Had any of my children been year R or year 1, I think we would have had to consider them individually, as both my children are social butterflies. Don’t feel bad for making the decision that is best for your family! I’ve read so much on social media of parents being attacked because they have opted to send their children to school not fully understanding the circumstances. We know our children the best! Like you said your little one won’t understand why the big one isn’t going to school, never underestimate the effect that could have on him. We are all living in a time we’ve never experienced before, it would be impossible to have all the answers. Enjoy the time with your young family, they grow so fast!

    Liked by 1 person

    1. Thanks for being so understanding. I am seeing stuff on Facebook with people going both ways and being intractable, almost judging others making a different decision which is just weird from my POV.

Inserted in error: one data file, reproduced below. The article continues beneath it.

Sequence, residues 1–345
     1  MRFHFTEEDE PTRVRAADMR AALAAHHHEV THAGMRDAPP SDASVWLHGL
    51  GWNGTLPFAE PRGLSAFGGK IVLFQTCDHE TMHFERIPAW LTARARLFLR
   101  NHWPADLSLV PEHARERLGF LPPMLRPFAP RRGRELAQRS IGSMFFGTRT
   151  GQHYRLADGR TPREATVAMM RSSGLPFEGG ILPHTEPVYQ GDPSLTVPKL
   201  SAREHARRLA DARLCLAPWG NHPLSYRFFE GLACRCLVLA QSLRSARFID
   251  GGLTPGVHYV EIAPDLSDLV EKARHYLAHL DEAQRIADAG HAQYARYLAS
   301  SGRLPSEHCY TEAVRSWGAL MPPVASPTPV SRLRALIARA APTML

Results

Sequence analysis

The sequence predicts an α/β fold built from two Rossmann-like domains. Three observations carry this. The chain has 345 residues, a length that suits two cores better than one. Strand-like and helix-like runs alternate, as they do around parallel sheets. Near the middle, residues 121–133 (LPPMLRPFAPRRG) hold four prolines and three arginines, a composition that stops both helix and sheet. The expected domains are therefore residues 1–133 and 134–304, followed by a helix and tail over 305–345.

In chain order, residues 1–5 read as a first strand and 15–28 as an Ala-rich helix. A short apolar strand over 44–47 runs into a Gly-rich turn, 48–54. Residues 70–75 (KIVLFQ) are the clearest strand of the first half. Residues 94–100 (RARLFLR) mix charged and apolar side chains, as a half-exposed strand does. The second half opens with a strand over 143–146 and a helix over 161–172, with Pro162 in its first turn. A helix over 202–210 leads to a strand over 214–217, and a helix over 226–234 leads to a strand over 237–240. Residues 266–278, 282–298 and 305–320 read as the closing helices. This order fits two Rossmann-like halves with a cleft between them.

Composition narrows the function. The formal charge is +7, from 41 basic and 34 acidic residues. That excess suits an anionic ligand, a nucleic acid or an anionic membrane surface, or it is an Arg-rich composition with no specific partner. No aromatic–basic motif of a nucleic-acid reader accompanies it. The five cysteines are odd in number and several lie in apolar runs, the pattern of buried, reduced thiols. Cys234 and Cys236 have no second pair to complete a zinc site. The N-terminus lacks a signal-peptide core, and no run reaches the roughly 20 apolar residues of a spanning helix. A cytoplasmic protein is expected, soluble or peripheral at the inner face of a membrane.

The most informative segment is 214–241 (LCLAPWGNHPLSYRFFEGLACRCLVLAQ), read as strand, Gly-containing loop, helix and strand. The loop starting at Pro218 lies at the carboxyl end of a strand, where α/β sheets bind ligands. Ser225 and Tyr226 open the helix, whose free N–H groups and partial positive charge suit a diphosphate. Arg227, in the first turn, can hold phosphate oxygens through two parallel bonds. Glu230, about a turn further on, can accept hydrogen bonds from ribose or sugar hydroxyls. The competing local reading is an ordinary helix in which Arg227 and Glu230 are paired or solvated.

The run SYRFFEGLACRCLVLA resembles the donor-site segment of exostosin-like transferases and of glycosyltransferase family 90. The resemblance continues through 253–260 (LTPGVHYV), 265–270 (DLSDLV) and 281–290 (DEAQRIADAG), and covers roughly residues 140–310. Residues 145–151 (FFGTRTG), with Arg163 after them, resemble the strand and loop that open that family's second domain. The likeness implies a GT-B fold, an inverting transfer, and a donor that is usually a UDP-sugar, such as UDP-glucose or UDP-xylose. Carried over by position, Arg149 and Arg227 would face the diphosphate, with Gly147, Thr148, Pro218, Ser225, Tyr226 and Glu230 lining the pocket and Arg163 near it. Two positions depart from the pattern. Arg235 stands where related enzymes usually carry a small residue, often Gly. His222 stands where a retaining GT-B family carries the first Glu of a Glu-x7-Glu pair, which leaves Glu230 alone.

I’m glad to hear your daughter’s been able to attend if that’s best for her. The schools really are being amazingly supportive and flexible to make sure their pupils needs are met. I know they’re now facing a juggling act between COVID rules and normal health and safety. It must be so hard for the staff.
      I am mostly enjoying all being at home, between the interrupted training sessions and highly fragmented days. I hope you’re doing well too.

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  6. It’s such a difficult one isn’t it. My daughter isn’t at school age just yet, but goes to a childminder who like schools will be open from Monday. We’re not in a position where we have another option but to send her unfortunately… Given the chance I’d definitely be keeping her at home with us.

    Claire.X
    http://www.clairemac.co.uk

    Liked by 1 person

    1. I totally sympathise and we know how lucky we are that we can work at home with the kids here. School have emailed to say that they would ask non-reception children entitled to attend as keyworkers’ dependents continue to remain at home if they can. Even though the boys could go in, it would be selfish for us to send them just so we could work at peace. If we were obliged to work outside the home, we would have to send them just like you. I hope your daughter enjoys going back to her childminder and you readjust to work without too much trouble.